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Is Cambodia Skewing SEA Games Regulations?

Is Cambodia Skewing SEA Games Regulations?
James Francisco

The 32nd rendition of the Southeast Asian (SEA) Games resides in the heart of Phnom Penh, as the host nation towers over its competition with 101 medals four days after its commencement. Although Cambodia poses a surging threat in the region’s podium contention, their appearance at the top of the food chain may turn heads given previous eighth-tenth place finishes in the past decade. 

Now, it isn’t a question regarding the capability of Cambodian natives to breed exceptionally gifted athletes but more of the vast amount of naturalized firepower acquired to supplement their ongoing successful SEA Games bid.

Limited regulations

Is Cambodia Skewing SEA Games Regulations 1

Cambodia’s Minister of Tourism of the Royal Government Thong Khon waves the SEA Games federation flag at the SEA Games 31 closing ceremony from ABS-CBN News

Questioning eligibility, the maiden hosts of the tournament saw the opportunity of sourcing the assistance of foreign help, proving lenience by the tournament’s governing body. The SEA Games Federation merits the host country the capacity to alter events suitable to the nation’s liking, as the mandatory Olympic sports—aquatics, athletics, badminton, basketball, boxing, cycling, football, shooting, table tennis, tennis, volleyball, and weightlifting are non-negotiable to the roster.

Utilized as a means of playing to one’s strengths, slated across the various sporting events are a multitude of half-blooded athletes, yet the basketball scene remains to be a point of contention. Cambodia’s 3×3 tournament was riddled with controversy, procuring an import-driven lineup with three out of four cagers for the men’s and all four for the women’s to be of international roots.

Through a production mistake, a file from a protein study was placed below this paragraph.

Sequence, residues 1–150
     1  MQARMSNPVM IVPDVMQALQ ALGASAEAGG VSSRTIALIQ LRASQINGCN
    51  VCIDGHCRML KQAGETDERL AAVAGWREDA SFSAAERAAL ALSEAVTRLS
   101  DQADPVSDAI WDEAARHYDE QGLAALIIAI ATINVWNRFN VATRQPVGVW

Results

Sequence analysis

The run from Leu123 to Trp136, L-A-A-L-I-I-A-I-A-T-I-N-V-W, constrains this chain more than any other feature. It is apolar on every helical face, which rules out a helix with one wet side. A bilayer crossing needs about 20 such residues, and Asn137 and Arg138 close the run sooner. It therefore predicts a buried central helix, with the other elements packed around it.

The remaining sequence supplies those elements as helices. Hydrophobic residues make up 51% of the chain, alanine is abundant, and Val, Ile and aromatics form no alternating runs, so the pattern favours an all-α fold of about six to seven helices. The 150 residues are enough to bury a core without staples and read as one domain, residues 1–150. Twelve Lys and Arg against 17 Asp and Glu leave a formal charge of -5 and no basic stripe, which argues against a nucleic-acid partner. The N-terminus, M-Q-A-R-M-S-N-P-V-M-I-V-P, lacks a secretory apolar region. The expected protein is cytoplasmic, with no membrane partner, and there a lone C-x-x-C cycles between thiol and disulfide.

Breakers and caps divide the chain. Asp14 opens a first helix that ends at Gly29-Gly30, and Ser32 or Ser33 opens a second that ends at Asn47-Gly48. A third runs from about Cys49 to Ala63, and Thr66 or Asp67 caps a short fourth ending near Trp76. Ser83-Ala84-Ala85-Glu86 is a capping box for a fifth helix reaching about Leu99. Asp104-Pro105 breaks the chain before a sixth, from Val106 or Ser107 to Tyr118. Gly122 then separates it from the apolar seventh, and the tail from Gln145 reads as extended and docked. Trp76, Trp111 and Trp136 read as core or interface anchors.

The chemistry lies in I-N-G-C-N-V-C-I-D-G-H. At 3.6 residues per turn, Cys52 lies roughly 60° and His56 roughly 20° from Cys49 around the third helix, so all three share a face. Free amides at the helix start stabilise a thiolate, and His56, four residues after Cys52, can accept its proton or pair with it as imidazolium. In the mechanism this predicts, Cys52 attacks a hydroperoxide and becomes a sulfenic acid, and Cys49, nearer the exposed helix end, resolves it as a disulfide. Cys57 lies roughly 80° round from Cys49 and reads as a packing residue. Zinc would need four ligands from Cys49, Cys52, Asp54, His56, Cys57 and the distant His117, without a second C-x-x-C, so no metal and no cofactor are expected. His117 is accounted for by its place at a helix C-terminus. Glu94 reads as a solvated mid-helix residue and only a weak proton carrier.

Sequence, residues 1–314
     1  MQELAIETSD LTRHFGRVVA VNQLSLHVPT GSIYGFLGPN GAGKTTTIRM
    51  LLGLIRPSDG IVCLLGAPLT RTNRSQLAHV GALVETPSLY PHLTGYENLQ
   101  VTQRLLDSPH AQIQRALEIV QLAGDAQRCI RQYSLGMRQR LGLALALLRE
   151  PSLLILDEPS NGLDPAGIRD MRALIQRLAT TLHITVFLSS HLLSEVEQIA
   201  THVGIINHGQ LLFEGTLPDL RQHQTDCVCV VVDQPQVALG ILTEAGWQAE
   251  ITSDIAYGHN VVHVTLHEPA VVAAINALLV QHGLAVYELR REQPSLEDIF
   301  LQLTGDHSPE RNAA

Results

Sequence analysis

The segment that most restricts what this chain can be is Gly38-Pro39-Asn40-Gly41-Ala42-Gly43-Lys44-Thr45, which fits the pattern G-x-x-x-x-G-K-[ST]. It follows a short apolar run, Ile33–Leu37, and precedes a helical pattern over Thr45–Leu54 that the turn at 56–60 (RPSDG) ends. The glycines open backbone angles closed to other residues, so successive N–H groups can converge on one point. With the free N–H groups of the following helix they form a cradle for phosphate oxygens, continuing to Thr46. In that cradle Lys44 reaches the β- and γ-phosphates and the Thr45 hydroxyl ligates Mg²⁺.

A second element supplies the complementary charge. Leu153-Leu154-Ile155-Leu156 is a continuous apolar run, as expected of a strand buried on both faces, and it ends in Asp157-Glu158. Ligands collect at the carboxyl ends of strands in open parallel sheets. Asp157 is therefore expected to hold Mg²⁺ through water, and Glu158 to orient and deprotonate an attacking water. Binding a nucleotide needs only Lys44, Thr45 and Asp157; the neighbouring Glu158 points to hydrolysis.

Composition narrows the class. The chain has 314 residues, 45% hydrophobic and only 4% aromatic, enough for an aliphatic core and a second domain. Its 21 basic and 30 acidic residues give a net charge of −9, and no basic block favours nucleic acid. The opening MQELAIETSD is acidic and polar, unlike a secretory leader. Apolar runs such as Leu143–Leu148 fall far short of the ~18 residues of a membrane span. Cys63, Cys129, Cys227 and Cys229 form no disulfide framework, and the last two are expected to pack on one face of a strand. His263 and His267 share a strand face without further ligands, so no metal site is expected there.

Posed for questioning

Is Cambodia Skewing SEA Games Regulations 2

Cambodia hoists the trophy at the 32nd SEA Games’ 3×3 Basketball Event from

Succumbing to the Vietnamese prowess beyond the arc, the Philippine-Women’s 3×3 settled for a runner-up finish, yet their campaign was far from satisfactory. Gilas Women’s Cager and Former-NU Bulldogs Captain Jack Animam questioned the utilization of solely foreign players.

“Why are we doing this SEA Games if we’re not fielding our own homegrown talent? If there’s going to be imports like these, I don’t think the essence of SEA Games is there,” she tells Rappler.

Similarly, Cambodian native Joshua Bo Noung raised concerns about the country seeking outside help to secure the victory. Dedicating his Western background to developing the next generation of locally-bred talents, he dwells on his disappointment with the program in not capitalizing on what’s proudly theirs.

“The fact that I’m watching players that have no heritage or as much pride for my Cambodian people like many like myself is disheartening and disappointing,” he mentions in a recently deleted post.

With budget cuts limiting national capabilities and tournament regulations embossed in loopholes, it may be time to cry wolf to the game’s federation regarding the freedom exercised and rules of eligibility—championing local talent as a witness to the hard work and determination expelled by homegrown athletes.

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